I wrote this when Bud Black won the Manager of the Year Award in 2010, and Aaron touched on some of the same themes earlier today. I think it remains the most that can be said about the Manager of the Year Award:
As I’ve said in the past, no one has ever set forth a good measurement for what makes a Manager of the Year, so it usually ends up with a “who did the most with the least” analysis. Bud Black likely won on that basis. But really, it was probably more of a perceived least — perceived by the voters — than an actual least. Everyone picked the Padres to finish in last place this year. They didn’t, and a lot of it had to do with a roster that turned out to be better than a lot of people expected. Should Black be rewarded because of the so-called experts’ low expectations? In practice he was, but I’m not sure it should always work that way. If the expectations were a bit different, we could easily portray the Padres’ season as one that was great but got derailed by an ugly ten-game losing streak late in the year which ended up costing them the division. Has a manager whose team fit that description ever won Manager of the Year before?
None of which is to slight Black. He did do a fine job, and is by all accounts a fine manager. But I can’t help but think that the Manager of the Year Award, generically speaking, tells us a lot more about the writers who vote on it than the managers themselves.
Still feels that way. I’ll give a little more credit to Buck Showalter’s case because I tend to think that managers have more control over bullpen management than anything else and the clear strength of the Orioles throughout the year was both the deployment of and the performance by their bullpen. But really, Showalter could have managed the hell out of that pen just like he did and the O’s could have missed the playoffs or even not contended after July if there were a couple of key injuries and bad bounces and we’d probably not be talking about him as a favorite.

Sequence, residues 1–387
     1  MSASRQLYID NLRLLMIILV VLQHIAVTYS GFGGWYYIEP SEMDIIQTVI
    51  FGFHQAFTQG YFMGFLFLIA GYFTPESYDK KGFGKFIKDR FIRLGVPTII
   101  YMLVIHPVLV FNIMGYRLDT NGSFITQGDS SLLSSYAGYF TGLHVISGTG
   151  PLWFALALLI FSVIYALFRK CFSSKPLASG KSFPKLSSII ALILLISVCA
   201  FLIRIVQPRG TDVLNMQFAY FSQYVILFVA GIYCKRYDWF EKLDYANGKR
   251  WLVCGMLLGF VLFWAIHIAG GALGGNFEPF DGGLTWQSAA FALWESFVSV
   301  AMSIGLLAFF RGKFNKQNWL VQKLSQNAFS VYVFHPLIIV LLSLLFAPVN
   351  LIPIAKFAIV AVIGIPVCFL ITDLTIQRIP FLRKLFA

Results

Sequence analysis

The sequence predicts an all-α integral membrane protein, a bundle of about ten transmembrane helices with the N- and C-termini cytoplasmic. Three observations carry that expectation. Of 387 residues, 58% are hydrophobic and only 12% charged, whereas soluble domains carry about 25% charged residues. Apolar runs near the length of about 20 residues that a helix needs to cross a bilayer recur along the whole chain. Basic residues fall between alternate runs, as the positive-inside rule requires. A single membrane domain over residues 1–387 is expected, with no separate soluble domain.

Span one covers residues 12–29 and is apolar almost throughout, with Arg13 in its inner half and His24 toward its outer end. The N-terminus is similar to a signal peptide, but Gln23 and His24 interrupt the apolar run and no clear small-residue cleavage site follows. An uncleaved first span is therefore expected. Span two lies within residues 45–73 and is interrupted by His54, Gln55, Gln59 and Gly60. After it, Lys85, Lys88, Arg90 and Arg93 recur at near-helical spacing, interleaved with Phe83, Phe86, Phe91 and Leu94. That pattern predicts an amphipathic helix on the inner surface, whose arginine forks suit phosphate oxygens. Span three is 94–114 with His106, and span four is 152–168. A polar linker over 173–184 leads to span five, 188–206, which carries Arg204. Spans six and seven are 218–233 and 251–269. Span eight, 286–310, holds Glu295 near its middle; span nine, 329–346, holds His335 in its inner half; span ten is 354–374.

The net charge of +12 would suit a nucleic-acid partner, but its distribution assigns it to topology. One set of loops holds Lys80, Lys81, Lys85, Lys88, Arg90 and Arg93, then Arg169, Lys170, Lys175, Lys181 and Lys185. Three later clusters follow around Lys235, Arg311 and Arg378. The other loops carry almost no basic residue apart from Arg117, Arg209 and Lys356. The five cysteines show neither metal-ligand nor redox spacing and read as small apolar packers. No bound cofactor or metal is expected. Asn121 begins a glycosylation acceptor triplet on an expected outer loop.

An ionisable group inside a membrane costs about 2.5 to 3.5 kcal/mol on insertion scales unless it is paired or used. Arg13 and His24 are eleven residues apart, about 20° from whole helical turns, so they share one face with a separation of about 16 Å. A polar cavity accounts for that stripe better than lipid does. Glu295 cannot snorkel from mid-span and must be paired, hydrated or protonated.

All of the guys who are finalists for Manager of the Year had fine years and did little if anything to hurt their team. Which, one only need look around a bit to see, may be just as important as bullpen management. But there’s no escaping the fact that several of the candidates for Manager of the Year — Showalter, Davey Johnson and Bob Melvin most notably — have to thank low pre-season expectations for their candidacy just as much as anything measurable — and that’s the key point I’m trying to make here, the dearth of measurable things — we can point to for their status as finalists.
Most us didn’t think the O’s or A’s would escape the cellar. Most of us expected the Nats to be plucky, but thought of them as a 2013 or 2014 contender, not the choice to have baseball’s best record in 2012. That, more than anything else, is why those guys are really in the conversation and, I believe anyway, two of those three guys will win the Manager of the Year Award tonight.
Phillies outfielder Odubel Herrera, playing in his second game since being benched for a lack of hustle, hit a three-run home run to extend his team’s lead to 5-1 in the fourth inning on Wednesday afternoon. After putting a sweet swing on an Anibal Sanchez 2-1 slider, Herrera flipped his bat in grand fashion. It wasn’t quite as emphatic as Jose Bautista‘s from last year’s ALDS, but it was glorious nonetheless.
To the Tigers’ credit, Herrera’s bat flip didn’t result in any shouting or fighting or throwing intentionally at hitters. So that’s nice.